Depending on why you need a CT scan, you may be able to have an ultrasound or magnetic resonance imaging (MRI) scan instead. This will depend on the part of your body that’s being looked at, as well as your individual circumstances. A CT scan tends to give more complete pictures of your organs than an ultrasound and X-ray and is quicker than an MRI. Your doctor will discuss with you which type of scan is most suitable.

What happens during a CT scan?

A CT scan usually takes about 10–20 minutes, but may be shorter depending on the type of CT scanner.

You’ll be asked to lie on the CT scanner table, which slides into, or out of, the CT scanner ring. Your radiographer will control the positioning of the table. You may be asked to hold your breath or not to swallow at certain points during the scan. For the rest of the time, it's important to lie very still. The CT scanner will usually make some whirring noises when you’re inside it.

Your radiographer will operate the scanner from a control room behind a window. They’ll be able to see, hear and speak to you at all times. If you’re feeling claustrophobic during a CT scan, it’s important to tell them. Closing your eyes during the scan may help to make you more comfortable and less nervous.

What to expect afterwards

Once the scan is finished, the CT scanner table will move back out of the scanner ring. The radiographer will come back into the room and lower the table so you can get off the table. You’ll usually be able to go home when you feel ready.

Before you go home, ask your radiographer when you can expect to get your results. It can take several days, or even a week or two, for your results to come through.

Your results will be reviewed by a radiologist (a doctor who specialises in using imaging methods to diagnose medical conditions). Usually, the radiologist will send a report to your GP or the doctor who referred you for the CT scan.

What are the risks?

As with every test, CT scans have some risks. But the benefits of having a CT scan usually outweigh these risks. Your radiographer will explain the risks and benefits to you.

A CT scan exposes you to some radiation. But you’ll only have a CT scan if it’s absolutely necessary. You're exposed to natural background radiation in the atmosphere all the time. Different radiology tests and scans expose you to different doses of radiation. A CT scan gives out more radiation than other types of X-ray imaging, such as a plain X-ray. But doctors and radiographers are trained to keep your exposure to a minimum.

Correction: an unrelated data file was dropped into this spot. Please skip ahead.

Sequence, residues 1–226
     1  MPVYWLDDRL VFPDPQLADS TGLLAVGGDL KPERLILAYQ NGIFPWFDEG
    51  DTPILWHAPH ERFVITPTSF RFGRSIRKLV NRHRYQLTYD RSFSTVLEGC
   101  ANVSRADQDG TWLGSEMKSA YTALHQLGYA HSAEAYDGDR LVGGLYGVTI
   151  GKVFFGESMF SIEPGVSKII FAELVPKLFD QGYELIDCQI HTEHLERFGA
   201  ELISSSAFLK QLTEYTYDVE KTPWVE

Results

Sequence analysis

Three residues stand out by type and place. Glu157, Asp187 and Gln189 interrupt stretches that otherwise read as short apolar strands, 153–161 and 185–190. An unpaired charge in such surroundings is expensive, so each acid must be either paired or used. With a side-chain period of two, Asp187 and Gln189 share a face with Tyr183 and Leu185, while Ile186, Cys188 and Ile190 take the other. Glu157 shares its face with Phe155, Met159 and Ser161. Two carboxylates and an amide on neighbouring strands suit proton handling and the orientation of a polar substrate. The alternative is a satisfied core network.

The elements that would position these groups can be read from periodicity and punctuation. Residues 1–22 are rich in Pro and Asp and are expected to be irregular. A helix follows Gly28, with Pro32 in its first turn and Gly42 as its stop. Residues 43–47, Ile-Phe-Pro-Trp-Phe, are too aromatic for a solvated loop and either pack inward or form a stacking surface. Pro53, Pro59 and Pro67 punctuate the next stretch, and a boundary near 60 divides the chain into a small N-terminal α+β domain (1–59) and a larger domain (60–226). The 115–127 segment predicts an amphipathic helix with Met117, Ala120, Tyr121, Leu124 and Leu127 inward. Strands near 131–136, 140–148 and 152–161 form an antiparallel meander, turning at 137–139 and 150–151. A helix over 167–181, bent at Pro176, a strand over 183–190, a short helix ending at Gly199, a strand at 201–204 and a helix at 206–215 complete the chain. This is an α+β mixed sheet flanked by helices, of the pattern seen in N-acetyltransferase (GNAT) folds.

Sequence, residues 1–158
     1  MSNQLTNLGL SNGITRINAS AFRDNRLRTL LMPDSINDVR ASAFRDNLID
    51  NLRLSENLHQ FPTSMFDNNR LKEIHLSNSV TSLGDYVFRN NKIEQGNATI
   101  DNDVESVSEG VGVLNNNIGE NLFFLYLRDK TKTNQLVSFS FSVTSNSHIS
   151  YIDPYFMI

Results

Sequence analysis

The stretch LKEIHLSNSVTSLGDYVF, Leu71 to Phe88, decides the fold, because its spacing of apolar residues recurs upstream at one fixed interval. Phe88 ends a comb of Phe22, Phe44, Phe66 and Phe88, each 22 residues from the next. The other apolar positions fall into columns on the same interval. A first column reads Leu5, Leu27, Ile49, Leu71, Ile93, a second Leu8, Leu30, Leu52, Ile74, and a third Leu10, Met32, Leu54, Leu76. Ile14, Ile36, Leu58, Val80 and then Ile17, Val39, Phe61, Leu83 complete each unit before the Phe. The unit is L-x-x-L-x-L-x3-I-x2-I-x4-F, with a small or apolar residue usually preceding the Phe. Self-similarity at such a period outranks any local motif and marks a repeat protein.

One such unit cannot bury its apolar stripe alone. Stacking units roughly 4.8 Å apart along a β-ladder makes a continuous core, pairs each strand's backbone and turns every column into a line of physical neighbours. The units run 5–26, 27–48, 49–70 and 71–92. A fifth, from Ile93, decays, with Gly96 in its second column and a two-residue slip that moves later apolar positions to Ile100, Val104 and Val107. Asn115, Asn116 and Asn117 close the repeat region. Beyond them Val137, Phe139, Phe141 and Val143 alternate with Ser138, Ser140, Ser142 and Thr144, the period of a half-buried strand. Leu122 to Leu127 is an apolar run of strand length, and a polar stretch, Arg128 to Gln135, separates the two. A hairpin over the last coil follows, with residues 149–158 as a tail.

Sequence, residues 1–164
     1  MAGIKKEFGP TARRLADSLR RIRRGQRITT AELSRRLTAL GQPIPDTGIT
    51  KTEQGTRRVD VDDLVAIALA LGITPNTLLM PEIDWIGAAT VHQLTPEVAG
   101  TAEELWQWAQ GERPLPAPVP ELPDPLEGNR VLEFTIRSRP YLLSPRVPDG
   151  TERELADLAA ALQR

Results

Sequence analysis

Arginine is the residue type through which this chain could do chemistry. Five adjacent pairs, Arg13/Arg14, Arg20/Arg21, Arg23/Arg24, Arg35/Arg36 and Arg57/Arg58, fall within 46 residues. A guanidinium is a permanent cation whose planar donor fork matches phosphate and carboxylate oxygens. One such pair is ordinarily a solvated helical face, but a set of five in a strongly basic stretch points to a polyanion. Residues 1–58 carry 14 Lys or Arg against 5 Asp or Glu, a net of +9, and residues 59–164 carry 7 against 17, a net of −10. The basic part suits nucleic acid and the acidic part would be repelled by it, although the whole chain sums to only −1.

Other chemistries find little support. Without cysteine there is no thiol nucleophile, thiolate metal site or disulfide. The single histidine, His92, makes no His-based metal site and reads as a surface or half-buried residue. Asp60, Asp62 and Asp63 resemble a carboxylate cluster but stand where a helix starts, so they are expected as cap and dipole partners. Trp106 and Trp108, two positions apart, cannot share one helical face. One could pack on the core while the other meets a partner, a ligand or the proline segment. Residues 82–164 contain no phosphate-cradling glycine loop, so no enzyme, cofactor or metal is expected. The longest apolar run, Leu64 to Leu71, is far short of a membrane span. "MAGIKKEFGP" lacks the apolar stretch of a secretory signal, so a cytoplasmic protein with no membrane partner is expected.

With some CT scans, your radiographer will use a dye (contrast medium). Allergic reactions to the dye are rare. But if you have any itching or difficulty breathing, tell your radiographer straightaway. Very occasionally, the dye can affect your kidneys. See our preparation section for more information.

If you're pregnant, you’ll usually be advised not to have a CT scan. This is because there’s a risk the radiation could harm your unborn baby. You may be advised to have a CT scan if it’s an emergency or considered necessary by your doctor. If you're pregnant or think you may be, let your doctor or radiographer know.


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Related information

    • Computed tomography. The MSD Manuals. www.msdmanuals.com, last full review/revision January 2015
    • CT Scan. Cancer Research UK. www.cancerresearchuk.org, updated April 2015
    • Radiology. Oxford Handbook of Clinical Medicine (online). 9th ed. Oxford Medicine Online. oxfordmedicine.com, published online January 2014
    • Computerised tomography (CT) scans. PatientPlus. www.patient.info/patientplus, last checked July 2015
    • Risks of medical radiation. The MSD Manuals. www.msdmanuals.com, last full review/revision January 2015
    • Radiographic contrast agents and contrast reactions. The MSD Manuals. www.msdmanuals.com, last full review/revision January 2015
    • Diabetic Nephropathy. PatientPlus. www.patient.info/patientplus, last checked May 2016
    • Medical radiation: uses, doses, measurements and safety advice. Public Health England. www.gov.uk, last updated January 2016
  • Reviewed by Laura Blanks, Specialist Health Editor, Bupa Health Content Team, August 2016
    Expert reviewer, Dr Daniel Boxer, Consultant Radiologist
    Next review due August 2019